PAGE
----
Signs of autism in women as Christine McGuinness highlights the gender gap in early diagnosis

Autism is neither a disease nor a disease. It simply means that your brain works differently than others. Unfortunately, many women with this condition tend to be misdiagnosed and misunderstood. This discrepancy has also been highlighted by Christine McGuinness in a new documentary. Fortunately, being aware of the signs that women may show can be the first step in seeking help.

Contrary to popular belief that autism predominantly affects men and boys, there are also women and girls among autistic people.

Christine McGuinness, 34, has opened up about her life with autism in a new BBC One documentary titled Christine McGuinness: Exposing My Autism.

The presenter and broadcaster also highlighted the gender gap in early autism diagnosis.

Speaking in the documentary, McGuinness said: “I was very nervous when I was making a documentary about autistic women and girls because there are boys and men who are also autistic and I didn’t want it to look sexist.

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“But there are so many women who are diagnosed later in life because it is misunderstood and they mask or don’t show it.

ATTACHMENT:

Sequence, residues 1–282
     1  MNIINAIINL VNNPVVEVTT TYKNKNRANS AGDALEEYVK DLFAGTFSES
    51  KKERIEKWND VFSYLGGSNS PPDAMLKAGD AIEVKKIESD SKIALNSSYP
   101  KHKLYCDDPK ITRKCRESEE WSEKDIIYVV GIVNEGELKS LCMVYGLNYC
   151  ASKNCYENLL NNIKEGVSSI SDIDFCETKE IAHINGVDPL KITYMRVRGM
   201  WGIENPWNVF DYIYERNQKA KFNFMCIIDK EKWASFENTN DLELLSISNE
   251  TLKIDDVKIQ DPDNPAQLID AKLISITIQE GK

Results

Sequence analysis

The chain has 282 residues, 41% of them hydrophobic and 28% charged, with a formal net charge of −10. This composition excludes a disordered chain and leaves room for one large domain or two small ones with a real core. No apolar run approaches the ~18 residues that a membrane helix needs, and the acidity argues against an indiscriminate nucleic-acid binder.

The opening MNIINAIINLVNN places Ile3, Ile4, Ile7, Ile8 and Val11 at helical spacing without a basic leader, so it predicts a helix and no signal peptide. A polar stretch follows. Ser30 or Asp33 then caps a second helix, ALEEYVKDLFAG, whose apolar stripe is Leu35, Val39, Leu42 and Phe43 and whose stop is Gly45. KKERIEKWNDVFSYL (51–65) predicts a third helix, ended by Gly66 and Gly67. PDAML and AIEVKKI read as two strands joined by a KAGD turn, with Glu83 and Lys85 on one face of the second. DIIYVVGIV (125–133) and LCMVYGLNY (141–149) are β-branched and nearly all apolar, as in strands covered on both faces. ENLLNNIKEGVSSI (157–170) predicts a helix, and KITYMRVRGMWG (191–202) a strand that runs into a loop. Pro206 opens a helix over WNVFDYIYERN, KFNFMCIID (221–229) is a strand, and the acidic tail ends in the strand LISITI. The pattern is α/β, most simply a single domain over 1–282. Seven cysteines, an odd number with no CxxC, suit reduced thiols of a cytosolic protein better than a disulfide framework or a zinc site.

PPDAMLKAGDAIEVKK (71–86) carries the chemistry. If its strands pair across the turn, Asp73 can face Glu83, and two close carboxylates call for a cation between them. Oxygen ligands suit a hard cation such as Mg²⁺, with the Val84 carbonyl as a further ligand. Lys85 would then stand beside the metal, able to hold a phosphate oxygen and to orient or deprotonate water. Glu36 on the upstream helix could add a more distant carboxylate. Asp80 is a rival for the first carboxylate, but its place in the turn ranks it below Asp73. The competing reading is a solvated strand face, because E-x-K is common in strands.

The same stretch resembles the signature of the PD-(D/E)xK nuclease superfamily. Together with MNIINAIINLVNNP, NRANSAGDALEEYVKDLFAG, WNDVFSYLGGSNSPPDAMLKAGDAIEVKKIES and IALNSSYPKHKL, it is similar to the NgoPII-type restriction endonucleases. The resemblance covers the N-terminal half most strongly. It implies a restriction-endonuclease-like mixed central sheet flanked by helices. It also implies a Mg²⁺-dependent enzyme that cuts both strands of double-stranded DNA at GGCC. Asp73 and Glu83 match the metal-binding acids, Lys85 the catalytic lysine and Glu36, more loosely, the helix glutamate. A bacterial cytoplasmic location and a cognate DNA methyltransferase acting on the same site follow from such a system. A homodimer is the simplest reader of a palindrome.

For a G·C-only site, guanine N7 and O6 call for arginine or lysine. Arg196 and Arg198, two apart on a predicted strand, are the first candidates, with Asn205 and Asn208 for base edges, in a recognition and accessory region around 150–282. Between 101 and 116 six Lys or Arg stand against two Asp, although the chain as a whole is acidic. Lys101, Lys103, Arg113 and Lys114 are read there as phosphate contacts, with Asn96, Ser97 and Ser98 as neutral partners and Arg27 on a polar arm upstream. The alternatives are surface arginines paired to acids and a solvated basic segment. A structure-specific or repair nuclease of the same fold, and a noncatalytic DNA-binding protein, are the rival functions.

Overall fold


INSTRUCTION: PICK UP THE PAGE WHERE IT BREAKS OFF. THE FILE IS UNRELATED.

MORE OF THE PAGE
“It’s so important that it’s changing because these women probably needed help and support when they were girls in school.

“I remember it was the worst time of my life to the point where I didn’t want to study.

“There was so much going on in my head. It’s sad to think that there are teenage girls who feel the same way.”

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According to Psychology Today, about 42% of women and girls with autism receive at least one misdiagnosis before they know they have autism.

In addition, the National Library of Medicine reports that, on average, girls with mild symptoms of autism are diagnosed two years later than boys.

The National Autism Society explains that the gender gap in diagnosis exists because of stereotypical ideas about what autism looks like.

At school, autistic girls may be part of a group of friends, so teachers may not notice their differences.

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Their academic achievements may also mask difficulties in other areas.

The charity states: “Some of the main characteristics of autism are ‘repetitive behaviors’ and focused interests.

“Stereotypical examples of this include rocking back and forth and being carried away by trains.

“However, in autistic women and girls, these behaviors and interests may be similar to those of non-autistic women and girls, such as curling their hair and reading books, and therefore may go unnoticed despite the greater intensity or focus typical of autistic people. ”

According to experts and charities, other signs of autism in women may include:

  • Copying people who don’t have autism to fit in and hide the signs
  • Be quiet and hide feelings
  • Work “overhard” to fit in and prepare ahead of time for social situations (eg, rehearse possible conversations).

The National Health Service recommends seeing your GP if you suspect you may have autism.

For more information and advice about autism in women and girls, visit the National Autistic Society here.

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